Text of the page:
115th Annual Conference - Honolulu, Hawaii
Friday, November 10 - Sunday, November 12, 2017

21st Century Literature II

Session Chair: 
John P. Rosa, University of Hawai'i, Manoa
Session 8: Saturday 3:05 – 4:35 pm
Eiben 202


  1. Justin Wyble, Chaminade University of Honolulu
    Against the recent predominance of dystopias in 21st-century literature and culture, I argue that there is emerging a new phase of utopian literary production.  My reading of Kim Stanley Robinson’s New York 2140 and Cory Doctorow’s Walkaway shows how these texts imagine a better future by anticipating a post-capitalist society.      
  2. Heidi Stoffer, Baldwin Wallace University
    In this paper, I examine the theme of seeing in the 2016 novel 13 Ways of Looking at a Fat Girl by Mona Awad and  how it is connected to identity on a collective and personal level and the consequences of an identity shaped exclusively by the superficial assumptions of others. I argue that the novel reveals how it becomes necessary to resist societal expectations that focus on the surface imagesin order to acknowledge that sense of self that is invisible  to the outside world and is crucial in sustaining self-worth.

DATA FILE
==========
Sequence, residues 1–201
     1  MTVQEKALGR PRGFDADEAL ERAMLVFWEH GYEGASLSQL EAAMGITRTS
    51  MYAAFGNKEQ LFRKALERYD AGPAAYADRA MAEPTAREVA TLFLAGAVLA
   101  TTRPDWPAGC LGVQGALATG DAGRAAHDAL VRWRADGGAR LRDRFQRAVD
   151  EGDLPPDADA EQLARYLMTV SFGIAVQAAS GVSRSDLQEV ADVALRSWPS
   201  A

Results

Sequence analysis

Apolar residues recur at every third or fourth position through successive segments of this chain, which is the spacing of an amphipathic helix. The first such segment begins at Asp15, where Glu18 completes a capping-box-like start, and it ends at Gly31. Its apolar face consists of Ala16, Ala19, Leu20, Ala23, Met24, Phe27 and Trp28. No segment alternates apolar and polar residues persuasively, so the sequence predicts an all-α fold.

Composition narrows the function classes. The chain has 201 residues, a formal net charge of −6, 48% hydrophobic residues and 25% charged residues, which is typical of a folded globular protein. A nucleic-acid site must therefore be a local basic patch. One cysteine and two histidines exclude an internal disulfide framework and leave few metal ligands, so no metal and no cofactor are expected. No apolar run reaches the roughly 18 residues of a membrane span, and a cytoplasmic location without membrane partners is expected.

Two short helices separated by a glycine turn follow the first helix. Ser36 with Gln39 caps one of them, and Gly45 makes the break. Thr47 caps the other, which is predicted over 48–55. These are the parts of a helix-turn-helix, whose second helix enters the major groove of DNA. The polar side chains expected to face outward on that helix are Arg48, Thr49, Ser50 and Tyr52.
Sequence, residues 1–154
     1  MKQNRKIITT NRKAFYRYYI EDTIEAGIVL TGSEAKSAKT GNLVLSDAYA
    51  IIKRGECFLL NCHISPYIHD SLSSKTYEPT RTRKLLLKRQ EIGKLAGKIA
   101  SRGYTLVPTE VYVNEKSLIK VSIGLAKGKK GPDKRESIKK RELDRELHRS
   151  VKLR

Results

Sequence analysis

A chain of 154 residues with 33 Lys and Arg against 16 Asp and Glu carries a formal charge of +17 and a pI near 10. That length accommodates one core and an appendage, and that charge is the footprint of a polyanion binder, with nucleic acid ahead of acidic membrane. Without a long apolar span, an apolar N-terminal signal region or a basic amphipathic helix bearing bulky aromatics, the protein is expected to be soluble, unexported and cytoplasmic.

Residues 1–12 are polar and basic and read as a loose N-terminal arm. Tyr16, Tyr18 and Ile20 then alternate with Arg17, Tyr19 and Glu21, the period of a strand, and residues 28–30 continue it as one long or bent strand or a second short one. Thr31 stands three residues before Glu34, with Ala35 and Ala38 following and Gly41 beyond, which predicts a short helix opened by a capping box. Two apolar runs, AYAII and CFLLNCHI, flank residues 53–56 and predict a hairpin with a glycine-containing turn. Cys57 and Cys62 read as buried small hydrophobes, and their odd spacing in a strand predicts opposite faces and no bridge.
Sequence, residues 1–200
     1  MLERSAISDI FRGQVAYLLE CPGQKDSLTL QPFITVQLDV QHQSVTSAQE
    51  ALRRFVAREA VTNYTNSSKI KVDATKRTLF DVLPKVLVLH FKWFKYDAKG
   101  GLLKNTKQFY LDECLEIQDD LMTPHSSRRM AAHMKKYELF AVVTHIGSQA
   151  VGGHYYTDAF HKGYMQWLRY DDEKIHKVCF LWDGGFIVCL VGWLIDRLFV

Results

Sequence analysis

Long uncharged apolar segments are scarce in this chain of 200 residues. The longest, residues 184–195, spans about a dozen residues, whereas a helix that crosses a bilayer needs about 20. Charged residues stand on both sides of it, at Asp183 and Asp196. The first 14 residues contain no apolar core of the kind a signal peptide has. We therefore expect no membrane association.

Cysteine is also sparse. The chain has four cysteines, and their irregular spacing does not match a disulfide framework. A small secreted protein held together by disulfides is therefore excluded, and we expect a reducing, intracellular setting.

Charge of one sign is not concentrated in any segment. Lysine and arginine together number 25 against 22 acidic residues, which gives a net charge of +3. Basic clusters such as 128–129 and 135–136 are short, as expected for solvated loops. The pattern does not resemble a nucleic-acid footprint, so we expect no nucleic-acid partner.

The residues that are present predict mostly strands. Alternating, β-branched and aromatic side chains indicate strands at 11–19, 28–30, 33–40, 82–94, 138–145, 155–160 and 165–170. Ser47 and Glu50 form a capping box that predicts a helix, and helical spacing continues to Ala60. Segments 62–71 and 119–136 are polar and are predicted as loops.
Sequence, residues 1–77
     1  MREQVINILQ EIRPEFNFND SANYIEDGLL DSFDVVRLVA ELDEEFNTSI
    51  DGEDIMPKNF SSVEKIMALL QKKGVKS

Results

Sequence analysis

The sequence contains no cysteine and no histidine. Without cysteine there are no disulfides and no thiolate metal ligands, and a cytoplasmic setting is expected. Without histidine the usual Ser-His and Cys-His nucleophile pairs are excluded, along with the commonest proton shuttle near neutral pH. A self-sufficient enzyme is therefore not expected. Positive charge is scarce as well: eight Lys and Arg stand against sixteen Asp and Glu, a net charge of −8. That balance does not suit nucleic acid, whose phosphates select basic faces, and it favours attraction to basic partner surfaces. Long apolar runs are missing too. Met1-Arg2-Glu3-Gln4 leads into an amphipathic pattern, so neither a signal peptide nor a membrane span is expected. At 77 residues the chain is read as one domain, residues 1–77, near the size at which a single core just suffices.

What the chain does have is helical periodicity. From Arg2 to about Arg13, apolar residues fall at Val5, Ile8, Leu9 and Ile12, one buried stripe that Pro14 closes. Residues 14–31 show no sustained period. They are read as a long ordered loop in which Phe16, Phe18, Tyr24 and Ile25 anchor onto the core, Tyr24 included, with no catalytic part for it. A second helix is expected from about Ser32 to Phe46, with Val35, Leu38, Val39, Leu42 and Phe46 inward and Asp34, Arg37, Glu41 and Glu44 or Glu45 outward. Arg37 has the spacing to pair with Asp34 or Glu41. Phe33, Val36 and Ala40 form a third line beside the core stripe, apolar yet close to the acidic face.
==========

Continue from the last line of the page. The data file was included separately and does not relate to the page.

3. Christopher Leise, Whitman College
    This paper reads The Underground Railroad as a prequel to Whitehead’s Apex Hides the Hurt. It concludes with its antagonist babbling exceptionalist rhetoric about America being a “shining beacon”: language that recalls the infamous “city upon a hill” tying UR to Apex, which is set in a town called "Winthrop."
  4. Hollie Adams, Red Deer College
    My paper analyzes Graeme Simsion’s novel The Rosie Project (2013) and its portrayal of Asperger’s Syndrome as it is embodied by Don Tillman, the novel’s protagonist. Using the work of disability theorists, my paper questions the ethics of using a fictional character’s neurodevelopmental disorder as a source of humor.
Session Cancelled: